That would seem pretty simple and settled. Bread, filling, sandwich, right? But there are other points. When you buy a package of hot dogs, are they not hot dogs, existing without a bun? When you put it in a bun does it become a hot dog sandwich? Would you order a hot dog sandwich? Just try that next time you’re at a hot dog joint. Is Joey Chestnut the sandwich eating champion? Hell no. He’s the goddamn hot dog eating champion. If a hot dog is a sandwich, then a taco is a sandwich. Madness. Do you really want to list the noble hot dog, emblem of American summers, side-by-side the PB&J and tuna fish? Our founding fathers are face-palming in their graves. Can you really relegate this powerful American symbol to mere sandwich-hood? An icon forever linked to our national pastime and to backyard cookouts? What is more American than a backyard cookout? A food so embedded in the culture of two of our greatest cities, New York and Chicago, that they’re known for their hot dogs, is just a sandwich? NHDSC says no:
“Limiting the hot dog’s significance by saying it’s ‘just a sandwich’ is like calling the Dalai Lama ‘just a guy.’ Perhaps at one time its importance could be limited by forcing it into a larger sandwich category (no disrespect to Reubens and others), but that time has passed. We therefore choose to take a cue from a great performer and declare our namesake be a “hot dog formerly known as a sandwich.”
Jimmy Kimmel, late night TV host (hot dog credentials unknown) has this to say — “If a hot dog is a sandwich then cereal is soup.”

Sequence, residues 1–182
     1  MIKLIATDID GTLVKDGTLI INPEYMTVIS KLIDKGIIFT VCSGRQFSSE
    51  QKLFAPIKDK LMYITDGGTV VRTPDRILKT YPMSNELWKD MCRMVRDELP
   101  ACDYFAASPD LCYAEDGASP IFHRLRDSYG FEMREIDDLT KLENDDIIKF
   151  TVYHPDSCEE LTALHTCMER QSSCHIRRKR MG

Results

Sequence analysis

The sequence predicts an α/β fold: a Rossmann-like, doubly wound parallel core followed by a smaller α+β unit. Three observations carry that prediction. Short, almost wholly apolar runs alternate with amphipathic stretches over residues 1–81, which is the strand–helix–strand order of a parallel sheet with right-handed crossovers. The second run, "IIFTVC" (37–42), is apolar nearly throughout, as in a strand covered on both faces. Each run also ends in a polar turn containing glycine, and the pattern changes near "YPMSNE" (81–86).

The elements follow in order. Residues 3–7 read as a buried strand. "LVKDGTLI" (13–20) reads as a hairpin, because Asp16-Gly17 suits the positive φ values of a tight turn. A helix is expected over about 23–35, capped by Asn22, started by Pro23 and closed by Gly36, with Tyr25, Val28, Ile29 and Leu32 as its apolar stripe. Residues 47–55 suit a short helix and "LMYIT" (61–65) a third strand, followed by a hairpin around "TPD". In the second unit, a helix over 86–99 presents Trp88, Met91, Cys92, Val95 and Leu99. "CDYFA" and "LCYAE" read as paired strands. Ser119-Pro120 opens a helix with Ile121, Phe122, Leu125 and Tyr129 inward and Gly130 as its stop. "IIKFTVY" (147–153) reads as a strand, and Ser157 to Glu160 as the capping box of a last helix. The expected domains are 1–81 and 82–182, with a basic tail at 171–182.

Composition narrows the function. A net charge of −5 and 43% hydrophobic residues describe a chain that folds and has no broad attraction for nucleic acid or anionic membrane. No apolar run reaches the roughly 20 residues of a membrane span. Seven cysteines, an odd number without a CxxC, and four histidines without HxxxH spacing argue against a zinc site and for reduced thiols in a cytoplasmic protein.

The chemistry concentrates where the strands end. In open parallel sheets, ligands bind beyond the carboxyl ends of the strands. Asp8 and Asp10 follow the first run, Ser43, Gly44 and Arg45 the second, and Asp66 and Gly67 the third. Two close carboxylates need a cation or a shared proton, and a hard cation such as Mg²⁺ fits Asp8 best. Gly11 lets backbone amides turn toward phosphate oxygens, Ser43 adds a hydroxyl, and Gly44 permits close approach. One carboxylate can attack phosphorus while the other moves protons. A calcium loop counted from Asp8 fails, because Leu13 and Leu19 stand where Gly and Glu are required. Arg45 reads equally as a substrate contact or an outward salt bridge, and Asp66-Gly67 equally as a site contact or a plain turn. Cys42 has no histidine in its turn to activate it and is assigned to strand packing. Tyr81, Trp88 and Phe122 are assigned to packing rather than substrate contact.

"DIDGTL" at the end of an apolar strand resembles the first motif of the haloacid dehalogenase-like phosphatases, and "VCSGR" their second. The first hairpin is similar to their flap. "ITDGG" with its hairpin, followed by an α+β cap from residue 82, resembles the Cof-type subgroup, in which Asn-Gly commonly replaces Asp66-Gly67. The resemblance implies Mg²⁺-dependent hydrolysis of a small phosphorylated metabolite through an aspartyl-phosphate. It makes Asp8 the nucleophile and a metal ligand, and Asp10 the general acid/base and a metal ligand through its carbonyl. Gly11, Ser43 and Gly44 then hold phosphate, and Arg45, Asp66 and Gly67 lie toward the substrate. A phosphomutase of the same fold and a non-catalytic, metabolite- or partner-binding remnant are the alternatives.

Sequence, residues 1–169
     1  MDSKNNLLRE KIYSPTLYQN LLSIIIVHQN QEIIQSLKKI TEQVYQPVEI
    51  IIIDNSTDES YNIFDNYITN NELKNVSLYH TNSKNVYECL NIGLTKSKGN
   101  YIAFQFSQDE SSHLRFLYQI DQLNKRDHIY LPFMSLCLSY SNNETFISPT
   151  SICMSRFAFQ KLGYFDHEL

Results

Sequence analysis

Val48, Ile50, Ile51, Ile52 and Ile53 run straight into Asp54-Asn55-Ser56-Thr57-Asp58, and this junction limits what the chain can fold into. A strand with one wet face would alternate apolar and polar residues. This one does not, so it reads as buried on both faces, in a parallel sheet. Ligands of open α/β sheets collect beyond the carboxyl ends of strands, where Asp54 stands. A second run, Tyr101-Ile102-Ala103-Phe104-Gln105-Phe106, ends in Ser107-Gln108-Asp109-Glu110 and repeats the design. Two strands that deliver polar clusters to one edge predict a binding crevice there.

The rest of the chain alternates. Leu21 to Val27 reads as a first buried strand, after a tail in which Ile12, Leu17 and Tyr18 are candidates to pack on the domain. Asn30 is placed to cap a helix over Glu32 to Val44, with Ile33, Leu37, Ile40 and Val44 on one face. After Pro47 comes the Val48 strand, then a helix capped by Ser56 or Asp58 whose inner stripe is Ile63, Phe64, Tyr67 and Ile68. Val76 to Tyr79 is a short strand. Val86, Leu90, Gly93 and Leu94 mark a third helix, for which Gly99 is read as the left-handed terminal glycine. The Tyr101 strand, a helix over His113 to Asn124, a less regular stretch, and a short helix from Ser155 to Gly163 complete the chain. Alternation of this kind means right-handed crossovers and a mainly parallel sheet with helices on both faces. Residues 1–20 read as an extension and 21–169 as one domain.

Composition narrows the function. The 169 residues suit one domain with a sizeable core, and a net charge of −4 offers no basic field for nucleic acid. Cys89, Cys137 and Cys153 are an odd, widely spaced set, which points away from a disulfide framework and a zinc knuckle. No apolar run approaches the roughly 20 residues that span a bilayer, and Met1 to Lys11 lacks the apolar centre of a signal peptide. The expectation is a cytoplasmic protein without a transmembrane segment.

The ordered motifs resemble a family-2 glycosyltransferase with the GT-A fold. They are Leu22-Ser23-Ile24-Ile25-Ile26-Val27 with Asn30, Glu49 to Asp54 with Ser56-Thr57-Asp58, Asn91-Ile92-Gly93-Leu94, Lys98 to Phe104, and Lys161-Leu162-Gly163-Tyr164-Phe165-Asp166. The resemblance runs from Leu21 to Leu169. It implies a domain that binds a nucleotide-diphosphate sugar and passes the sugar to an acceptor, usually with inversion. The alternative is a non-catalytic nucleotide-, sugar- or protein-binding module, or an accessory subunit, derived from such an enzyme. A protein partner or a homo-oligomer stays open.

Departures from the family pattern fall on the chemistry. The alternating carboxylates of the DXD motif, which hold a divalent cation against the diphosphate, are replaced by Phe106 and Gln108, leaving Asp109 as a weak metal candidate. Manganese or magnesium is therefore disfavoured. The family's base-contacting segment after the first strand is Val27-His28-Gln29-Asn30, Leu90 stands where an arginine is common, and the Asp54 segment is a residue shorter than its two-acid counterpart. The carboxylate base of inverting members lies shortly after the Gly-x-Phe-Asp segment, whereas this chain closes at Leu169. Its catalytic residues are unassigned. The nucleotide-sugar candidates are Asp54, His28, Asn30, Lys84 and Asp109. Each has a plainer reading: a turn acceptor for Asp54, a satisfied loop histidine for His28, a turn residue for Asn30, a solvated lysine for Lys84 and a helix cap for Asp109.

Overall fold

Buffalo Bills quarterback Tyrod Taylor offers, “Naw, it’s not a sandwich, it’s in a bun.” When asked about burgers Taylor says, “A burger is a burger. When you go to a restaurant burgers are their own category. They’re not under sandwiches.”
Again, not surprisingly, Anthony Bourdain has an opinion. From a recent Reddit AMA:
“No. I don’t think it’s a sandwich. I don’t think a hamburger is a sandwich either … I mean, if you were to talk to any vendor of fine hot dogs, and ask for a hot dog sandwich, they would probably report you to the FBI. As they should.”
There have been countless articles, blog posts, fistfights, global wars, and drunken discussions to settle the question of hot dog’s sandwich grouping. Do hot dogs belong in their own classification? Are hamburgers a sandwich? What the hell is that gel around Vienna sausages? Why are clowns so creepy? Life’s deep questions. But for the purposes of this article, I enlisted the help of a few local F&B people to help shed light on the question of whether a hot dog is a sandwich, their favorite hot dog order, and the other most important hot dog question: